On writing: When I start a new novel, I feel both excited and overwhelmed. But by writing 1,000 words per day, I’ve been able to get a first draft done faster than I ever have.
What I’ve learned: We are capable of truly remarkable things when we commit to them. Even small steps will eventually get you where you need to go.
Take those steps!
6. A support network makes all the difference.
On running: When I announced I was doing the Couch to 5K program last fall, several of my friends joined in. We formed a group and checked in several times a week to share our progress, and ask each other questions about how to deal with various aches, pains and challenges. Without them, I am sure I wouldn’t have stuck with it.
On writing: Every day before I start writing, I check in with my writing partners and we share our goals for the day. We cheer each other on, and comfort each other through the rough patches. Without them, I am sure I wouldn’t have stuck with it.
What I’ve learned: I love my friends. I need my friends.
Be a good friend!
7. It feels soooooooo good to finish!
On running: Sometimes it’s all I can do do put on my sneakers and go outside. When I start running, my legs feel like they are made of lead. I feel like there is no way I will reach my goal. But then my breathing evens out and my legs warm up and I’m doing it! When I reach my driveway at the end, I feel shocked and thrilled. This is the first time in 25 years that I have gotten regular exercise. If someone told me last year I’d be running 3.5-4 miles, I would have laughed and secretly thought they were crazy.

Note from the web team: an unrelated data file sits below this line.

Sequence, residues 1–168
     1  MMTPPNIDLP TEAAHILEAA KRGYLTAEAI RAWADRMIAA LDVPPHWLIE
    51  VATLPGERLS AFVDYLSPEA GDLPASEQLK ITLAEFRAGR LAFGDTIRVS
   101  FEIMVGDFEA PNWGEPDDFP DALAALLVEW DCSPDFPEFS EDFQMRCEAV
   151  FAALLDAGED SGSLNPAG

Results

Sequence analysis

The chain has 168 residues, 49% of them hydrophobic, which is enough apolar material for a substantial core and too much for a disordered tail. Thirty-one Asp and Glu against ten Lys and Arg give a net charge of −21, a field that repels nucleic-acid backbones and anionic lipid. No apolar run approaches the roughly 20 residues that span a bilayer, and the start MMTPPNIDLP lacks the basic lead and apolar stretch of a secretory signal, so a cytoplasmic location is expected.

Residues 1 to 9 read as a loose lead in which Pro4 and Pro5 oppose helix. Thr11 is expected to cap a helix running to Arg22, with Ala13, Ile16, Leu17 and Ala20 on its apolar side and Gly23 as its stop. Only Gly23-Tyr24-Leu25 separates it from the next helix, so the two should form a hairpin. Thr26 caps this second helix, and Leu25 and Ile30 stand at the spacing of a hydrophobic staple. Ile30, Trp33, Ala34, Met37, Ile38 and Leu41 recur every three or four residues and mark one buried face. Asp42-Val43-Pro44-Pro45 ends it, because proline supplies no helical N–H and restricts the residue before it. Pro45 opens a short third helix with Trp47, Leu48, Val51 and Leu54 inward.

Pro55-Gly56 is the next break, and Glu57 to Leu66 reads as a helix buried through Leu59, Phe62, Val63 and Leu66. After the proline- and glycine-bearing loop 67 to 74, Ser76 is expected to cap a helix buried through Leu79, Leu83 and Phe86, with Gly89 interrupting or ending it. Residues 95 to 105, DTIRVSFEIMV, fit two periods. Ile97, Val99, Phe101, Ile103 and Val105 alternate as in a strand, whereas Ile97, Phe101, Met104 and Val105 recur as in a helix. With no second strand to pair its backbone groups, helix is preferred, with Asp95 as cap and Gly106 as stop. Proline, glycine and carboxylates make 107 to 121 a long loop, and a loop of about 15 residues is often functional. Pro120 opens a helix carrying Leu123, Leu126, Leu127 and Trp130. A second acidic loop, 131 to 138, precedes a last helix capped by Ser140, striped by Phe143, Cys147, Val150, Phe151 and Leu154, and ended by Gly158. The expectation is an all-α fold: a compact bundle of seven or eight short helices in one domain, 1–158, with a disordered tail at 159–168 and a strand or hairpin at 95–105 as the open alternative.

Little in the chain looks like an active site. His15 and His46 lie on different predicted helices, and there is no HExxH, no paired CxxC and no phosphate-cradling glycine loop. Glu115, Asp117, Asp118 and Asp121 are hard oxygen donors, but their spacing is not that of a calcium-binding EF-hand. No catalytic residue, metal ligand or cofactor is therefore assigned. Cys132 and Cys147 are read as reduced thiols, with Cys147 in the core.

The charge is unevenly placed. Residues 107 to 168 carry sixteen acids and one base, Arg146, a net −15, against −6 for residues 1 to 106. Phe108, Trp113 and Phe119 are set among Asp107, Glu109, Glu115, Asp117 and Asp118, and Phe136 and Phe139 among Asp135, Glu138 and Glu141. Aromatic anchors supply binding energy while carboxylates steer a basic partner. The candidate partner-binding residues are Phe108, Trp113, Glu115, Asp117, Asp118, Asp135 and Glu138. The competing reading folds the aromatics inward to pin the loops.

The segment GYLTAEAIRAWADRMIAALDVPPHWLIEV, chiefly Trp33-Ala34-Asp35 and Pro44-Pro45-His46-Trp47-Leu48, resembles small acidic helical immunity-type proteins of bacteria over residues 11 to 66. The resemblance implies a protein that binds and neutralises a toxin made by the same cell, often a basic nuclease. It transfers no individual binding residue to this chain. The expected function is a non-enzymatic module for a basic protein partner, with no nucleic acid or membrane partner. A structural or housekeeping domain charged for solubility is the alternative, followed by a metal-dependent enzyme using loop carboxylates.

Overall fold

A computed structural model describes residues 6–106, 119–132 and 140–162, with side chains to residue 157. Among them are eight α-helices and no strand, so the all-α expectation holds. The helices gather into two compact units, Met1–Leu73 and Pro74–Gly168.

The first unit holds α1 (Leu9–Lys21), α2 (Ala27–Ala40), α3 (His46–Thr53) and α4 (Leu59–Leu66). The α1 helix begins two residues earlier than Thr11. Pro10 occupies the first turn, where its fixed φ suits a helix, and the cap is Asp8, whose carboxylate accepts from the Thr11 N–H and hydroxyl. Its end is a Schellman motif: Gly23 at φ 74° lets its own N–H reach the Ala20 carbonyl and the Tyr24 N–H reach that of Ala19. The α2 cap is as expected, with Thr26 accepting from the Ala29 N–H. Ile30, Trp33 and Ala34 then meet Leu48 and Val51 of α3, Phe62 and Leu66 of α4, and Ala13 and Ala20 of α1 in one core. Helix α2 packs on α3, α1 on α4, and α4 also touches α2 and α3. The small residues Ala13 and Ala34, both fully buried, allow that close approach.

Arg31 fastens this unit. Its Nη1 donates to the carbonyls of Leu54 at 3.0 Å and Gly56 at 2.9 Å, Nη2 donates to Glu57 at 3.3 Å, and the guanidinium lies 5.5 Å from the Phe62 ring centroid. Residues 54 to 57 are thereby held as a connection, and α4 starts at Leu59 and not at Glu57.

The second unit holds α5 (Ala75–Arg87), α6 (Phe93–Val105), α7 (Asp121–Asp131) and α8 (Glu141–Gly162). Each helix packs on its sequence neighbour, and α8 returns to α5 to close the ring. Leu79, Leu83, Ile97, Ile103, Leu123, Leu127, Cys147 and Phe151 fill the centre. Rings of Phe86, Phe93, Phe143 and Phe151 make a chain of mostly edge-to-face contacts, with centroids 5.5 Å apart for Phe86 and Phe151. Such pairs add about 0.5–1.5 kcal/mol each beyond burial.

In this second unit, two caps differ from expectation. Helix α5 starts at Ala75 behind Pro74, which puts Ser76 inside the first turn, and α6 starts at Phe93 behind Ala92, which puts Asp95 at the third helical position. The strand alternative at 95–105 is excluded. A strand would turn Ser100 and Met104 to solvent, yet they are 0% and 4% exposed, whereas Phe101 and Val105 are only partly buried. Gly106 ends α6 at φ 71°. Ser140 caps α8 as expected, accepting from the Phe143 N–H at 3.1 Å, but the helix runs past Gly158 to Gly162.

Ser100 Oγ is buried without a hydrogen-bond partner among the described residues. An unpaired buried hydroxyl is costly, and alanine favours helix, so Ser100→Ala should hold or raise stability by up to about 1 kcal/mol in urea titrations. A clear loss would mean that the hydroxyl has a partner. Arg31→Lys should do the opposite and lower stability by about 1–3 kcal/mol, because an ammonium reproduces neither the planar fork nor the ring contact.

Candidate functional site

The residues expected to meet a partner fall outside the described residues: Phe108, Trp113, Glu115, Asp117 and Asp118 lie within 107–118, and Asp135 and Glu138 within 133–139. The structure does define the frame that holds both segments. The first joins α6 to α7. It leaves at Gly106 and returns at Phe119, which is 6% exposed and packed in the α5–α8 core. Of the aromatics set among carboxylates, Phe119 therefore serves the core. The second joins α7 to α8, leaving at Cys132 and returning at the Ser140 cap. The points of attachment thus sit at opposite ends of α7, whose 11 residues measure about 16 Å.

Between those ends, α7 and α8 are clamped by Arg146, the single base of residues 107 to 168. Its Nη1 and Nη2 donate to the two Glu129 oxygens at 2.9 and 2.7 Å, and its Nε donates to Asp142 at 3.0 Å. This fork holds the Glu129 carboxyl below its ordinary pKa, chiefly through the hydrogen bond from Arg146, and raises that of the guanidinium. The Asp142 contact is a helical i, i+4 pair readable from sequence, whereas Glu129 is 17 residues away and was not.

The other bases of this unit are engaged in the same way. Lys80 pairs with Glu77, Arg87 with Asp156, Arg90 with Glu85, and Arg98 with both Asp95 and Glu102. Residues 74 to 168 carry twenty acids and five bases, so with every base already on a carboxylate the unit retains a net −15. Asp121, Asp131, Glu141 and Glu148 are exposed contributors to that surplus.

On writing: Sometimes it’s all I can do to open my file. When I start writing, every word feels forced and stupid. I feel like there is no way I will ever finish the book. But then I get through the mire and find the heart of what I was looking for, and I’m doing it! When I finish a chapter, I feel shocked and thrilled. When I finish a draft, I feel like I am walking on air. If someone told me when I first started writing that I would sell six books, I would have laughed and secretly thought they were crazy.
What I’ve learned: Instead of laughing when someone believes in you, say thank you. Then prove them right. And then have a little laugh at yourself.
Believe the believers!
8. It also feels great to help others.
On running: I am equally excited and thrilled when my friends reach a running goal.
On writing: I am equally excited and thrilled when my friends reach a writing goal. Better yet, when they sell a book!
What I’ve learned: Just as your friends have a tremendous influence on your confidence, your well-being, and your happiness, YOU have the same influence on them! Show your support. Lift them up. Tell them you believe in them, too. When it comes to happy friendship moments, there is nothing–nothing nothing nothing–better than hearing a dear friend share their good news and seeing the disbelief and thrill on their faces. We are in this together. When a friend succeeds, you succeed.
I’m sure there are many, many more parallels that I will think of later. Maybe I’ll add them. But for now… I need to go face my fears, believe, and open my file. 🙂
Monday Morning Warm-Up:
What activities/challenges in your life parallel your writing?